Water Cycle Intensification Indicator (WCI)

October 9, 2012 | By | Add a Comment

P. Houser, X. Feng, 2013-2014: Water Cycle Intensification Indicator (WCI). NASA-ROSES-2012 A47: Development and Testing of Potential Indicators For The National Climate Assessment (NNH12ZDA001N-INCA), $241,762, 3 mo/yr (GMU), 1/01/2013 – 6/30/2014, Sponsor POC: Dr. Jack A. Kaye (202/358-2559, Jack.A.Kaye@nasa.gov).

Summary: The most significant climate change impacts are shifts in the distribution of precipitation and evaporation, and the exacerbation of extreme hydrologic events. Therefore, we propose to develop and test potentially spatially- and temporally-scalable Water Cycle intensification Indicators (WCI) using NASA observations and model reanalyses in support of the National Climate Assessment (NCA). The WCI will summarize how climate changes result in stronger or more extreme water cycling over the nation. The final composite WCIwill be a monthly, vertically integrated gridded composite of primary water cycle trends and extremes, integrated and weighted through water balance concepts. The WCI will provide baselines and future projections to compare options about how society can best address water issues, and will provide the water sector with sources and perspectives of data not otherwise available. By providing a key set of indicators on the water cycle consequences of climate change of direct relevance to a broad set of stakeholders, and actively increasing the pool of assessment-capable scientists by involving a recently graduated postdoctoral fellow, the proposal is directly relevant to the NASA-ROSES A.47 solicitation.

Integral to this effort will be participation in NASA’s Indicator System Team (IST), which will help to coordinate and align the WCI with the NCA national indicator strategic vision, and to identify complementary resources and alternate products. To this end, the PI (Houser) proposes to help coordinate this team by submitting an application for IST Leader. By closely coordinating with and participating with the NCA indicator efforts, and conducting regular IST communications, the IST leader will provide management and direction to help align IST with the NCA indicator vision. The PI’s long association and leadership of NASA, intergovernmental, and related climate programs give him a unique ability to serve in this role and enable value-added coordination that will optimize NASA’s contribution to the NCA indicator effort.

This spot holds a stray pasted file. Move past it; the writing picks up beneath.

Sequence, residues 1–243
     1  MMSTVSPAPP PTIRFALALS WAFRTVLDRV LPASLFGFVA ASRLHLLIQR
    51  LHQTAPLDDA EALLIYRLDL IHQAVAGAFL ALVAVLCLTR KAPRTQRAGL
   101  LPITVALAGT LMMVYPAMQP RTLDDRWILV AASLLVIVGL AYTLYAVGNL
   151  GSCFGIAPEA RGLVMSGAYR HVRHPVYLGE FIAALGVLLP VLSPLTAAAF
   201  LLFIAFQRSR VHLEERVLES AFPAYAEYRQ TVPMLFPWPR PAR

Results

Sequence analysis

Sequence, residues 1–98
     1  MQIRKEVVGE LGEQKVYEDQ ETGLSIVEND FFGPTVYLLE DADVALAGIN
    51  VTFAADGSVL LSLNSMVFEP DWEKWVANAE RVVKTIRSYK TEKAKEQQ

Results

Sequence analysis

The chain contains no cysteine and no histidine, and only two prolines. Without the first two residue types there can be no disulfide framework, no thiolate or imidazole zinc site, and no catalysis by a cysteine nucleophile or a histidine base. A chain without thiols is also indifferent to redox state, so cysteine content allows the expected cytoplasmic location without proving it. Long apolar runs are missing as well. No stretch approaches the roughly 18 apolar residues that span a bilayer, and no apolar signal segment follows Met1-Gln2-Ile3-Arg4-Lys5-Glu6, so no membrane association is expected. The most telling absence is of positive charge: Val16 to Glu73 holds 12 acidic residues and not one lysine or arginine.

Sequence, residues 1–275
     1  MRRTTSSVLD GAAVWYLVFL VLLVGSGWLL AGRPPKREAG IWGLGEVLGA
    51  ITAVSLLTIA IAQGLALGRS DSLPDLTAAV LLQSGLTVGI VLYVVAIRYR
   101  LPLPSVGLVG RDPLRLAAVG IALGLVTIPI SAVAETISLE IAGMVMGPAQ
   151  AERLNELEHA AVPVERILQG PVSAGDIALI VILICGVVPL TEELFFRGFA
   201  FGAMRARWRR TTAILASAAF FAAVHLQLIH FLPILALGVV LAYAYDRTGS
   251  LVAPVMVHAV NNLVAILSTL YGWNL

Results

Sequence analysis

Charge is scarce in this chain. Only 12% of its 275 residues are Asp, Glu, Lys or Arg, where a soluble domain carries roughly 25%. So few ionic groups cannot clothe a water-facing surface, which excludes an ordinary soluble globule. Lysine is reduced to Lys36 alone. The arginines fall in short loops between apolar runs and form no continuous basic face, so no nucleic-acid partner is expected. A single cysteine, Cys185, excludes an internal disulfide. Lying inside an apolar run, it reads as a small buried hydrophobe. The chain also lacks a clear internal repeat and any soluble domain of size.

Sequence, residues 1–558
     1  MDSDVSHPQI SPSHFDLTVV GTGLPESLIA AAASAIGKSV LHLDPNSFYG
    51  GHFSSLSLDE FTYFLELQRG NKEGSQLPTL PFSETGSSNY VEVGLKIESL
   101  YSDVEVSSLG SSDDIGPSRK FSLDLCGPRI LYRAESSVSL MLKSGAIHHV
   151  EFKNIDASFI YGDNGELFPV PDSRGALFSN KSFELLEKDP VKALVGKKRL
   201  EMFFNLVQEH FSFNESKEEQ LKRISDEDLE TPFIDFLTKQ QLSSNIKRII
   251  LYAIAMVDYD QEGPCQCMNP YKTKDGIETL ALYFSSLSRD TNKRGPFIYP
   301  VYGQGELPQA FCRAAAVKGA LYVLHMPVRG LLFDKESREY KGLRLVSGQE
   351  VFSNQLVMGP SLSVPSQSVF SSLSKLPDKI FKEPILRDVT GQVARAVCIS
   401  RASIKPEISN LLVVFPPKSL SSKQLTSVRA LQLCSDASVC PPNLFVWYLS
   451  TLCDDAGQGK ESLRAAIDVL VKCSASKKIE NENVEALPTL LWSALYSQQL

Filed in: Pending Support

Dr. Paul R. Houser

About the Author (Author Profile)

Dr. Houser in an internationally recognized expert in local to global land surface-atmospheric remote sensing, in-situ observation and numerical simulation, development and application of hydrologic data assimilation methods, scientific integrity and policy, and global water and energy cycling. He received his B.S. and Ph.D. degrees in Hydrology and Water Resources from the University of Arizona in 1992 and 1996 respectively. Dr. Houser's previous experience includes internships at the U.S. Geological Survey and at Los Alamos National Laboratory. Dr. Houser joined the NASA-GSFC Hydrological Sciences Branch and the Data Assimilation Office (DAO/GMAO) in 1997, served as manager of NASA’s Land Surface Hydrology Program, and served as branch head of the Hydrological Science Branch. In 2005, he joined the George Mason University Climate Dynamics Program and the Geography and Geoinformation Sciences Department as Professor of Global Hydrology, and formed CREW (the Center for Research for Environment and Water). Dr. Houser has also teamed with groundwater development and exploration companies (EarthWater Global and Geovesi) and has served as Science Advisor to the U.S. Bureau of Reclamation. Dr. Houser has led numerous scientific contributions, including the development of Land Data Assimilation Systems (LDAS), the Hydrospheric States Mission (Hydros/SMAP), the Land Information System (LIS), the NASA Energy and Water cycle Study (NEWS), and the Water Cycle Solutions Network (WaterNet).

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